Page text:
is that the New York Times will stop charging for TimesSelect, offering the whole paper free online. They say the subscription program was a success, but that they noticed the potential of advertising growth to be greater than subscription growth (which is what most said two years ago, but whatever – better late than never). The key to this, of course, is that the Times still does reporting, unlike most regional or city newspapers that have largely abdicated this function to the wire services.
a great new interview with Howard Rheingold in AssignmentZero.
Enjackass. John Gruber nails the post-mortem on Engadget’s erroneous report about delays for both iPhone and Leopard. The short version: Engadget was wrong to have posted anything, because the supposed “internal email” referred to a published press release that should have been trivial to find and against which to fact-check.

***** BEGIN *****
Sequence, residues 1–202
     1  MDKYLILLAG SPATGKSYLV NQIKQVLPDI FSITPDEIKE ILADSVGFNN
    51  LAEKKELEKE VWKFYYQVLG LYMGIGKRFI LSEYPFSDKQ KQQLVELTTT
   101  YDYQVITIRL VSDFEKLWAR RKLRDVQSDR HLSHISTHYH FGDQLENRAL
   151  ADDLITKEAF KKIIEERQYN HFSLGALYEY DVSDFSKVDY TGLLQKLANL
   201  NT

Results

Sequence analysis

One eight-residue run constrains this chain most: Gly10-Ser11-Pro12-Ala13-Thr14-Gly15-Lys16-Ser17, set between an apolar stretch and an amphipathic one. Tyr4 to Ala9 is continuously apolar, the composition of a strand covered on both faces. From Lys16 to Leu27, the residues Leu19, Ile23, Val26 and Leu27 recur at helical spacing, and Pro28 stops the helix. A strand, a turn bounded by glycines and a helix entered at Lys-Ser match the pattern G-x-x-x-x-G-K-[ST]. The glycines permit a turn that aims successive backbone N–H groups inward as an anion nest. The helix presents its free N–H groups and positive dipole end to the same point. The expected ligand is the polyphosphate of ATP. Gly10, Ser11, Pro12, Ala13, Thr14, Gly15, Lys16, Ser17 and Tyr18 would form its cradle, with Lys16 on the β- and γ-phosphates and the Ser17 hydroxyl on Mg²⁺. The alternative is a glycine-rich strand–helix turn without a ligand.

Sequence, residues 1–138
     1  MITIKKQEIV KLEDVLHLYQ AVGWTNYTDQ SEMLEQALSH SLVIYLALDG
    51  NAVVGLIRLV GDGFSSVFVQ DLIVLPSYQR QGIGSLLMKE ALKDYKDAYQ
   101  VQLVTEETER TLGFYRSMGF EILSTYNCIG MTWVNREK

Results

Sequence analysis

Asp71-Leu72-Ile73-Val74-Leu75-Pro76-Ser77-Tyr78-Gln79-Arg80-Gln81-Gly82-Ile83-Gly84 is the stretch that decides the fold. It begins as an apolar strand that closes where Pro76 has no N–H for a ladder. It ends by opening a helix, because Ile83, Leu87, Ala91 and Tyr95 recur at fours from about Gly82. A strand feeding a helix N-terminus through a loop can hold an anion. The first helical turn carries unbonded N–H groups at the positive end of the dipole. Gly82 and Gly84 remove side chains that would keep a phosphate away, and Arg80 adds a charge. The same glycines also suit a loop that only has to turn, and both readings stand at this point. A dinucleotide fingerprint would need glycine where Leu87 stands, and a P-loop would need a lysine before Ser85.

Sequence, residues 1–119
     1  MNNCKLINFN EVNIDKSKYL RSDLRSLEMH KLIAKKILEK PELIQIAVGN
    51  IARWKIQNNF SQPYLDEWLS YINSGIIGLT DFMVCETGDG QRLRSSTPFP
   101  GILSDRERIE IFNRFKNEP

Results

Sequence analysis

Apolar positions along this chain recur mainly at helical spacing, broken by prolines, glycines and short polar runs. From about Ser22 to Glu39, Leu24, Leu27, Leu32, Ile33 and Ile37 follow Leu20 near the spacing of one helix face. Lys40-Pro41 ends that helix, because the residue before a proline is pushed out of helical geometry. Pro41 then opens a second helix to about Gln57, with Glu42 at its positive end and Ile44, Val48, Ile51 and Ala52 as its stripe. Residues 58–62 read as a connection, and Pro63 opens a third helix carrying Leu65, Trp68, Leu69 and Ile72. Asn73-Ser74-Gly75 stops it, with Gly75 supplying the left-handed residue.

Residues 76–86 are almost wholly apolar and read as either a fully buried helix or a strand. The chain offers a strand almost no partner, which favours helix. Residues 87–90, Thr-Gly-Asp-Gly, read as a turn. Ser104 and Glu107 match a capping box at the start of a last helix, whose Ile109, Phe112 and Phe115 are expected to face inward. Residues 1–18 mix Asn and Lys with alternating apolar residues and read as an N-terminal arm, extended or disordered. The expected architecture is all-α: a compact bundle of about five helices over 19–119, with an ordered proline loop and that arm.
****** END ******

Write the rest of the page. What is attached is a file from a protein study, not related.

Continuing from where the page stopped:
as well as a great columnist, but unfortunately when Macleans re-launched his blog, Inkless Wells, in a new blogging system that has been integrated with the rest of the magazine’s site, they forgot to turn on the RSS feeds. They still use RSS, but not on a blog-by-blog basis, which betrays a deep lack of understanding of the weblog format and may hurt him and the rest of Macleans’ bloggers. No matter how great Wells is, I won’t monitor an over-large RSS feed just to get my attention that he’s posted something. And, for me, no RSS means that he won’t get my attention. Macleans now has to hope that I remember to check in, despite the fact that I have almost a hundred other media outlets that ARE competing for my attention via feeds and so are almost sure to have it first. I hope they fix this soon – though it has already been a month, so I’m not holding my breath.
Update: I just got an email from Sheldon Sawchuk, the General Manager of Macleans.ca, and they have turned on the feeds for Macleans’ blogs. Good news! I’m happy to be subscribed again. [Update March 6, 2007]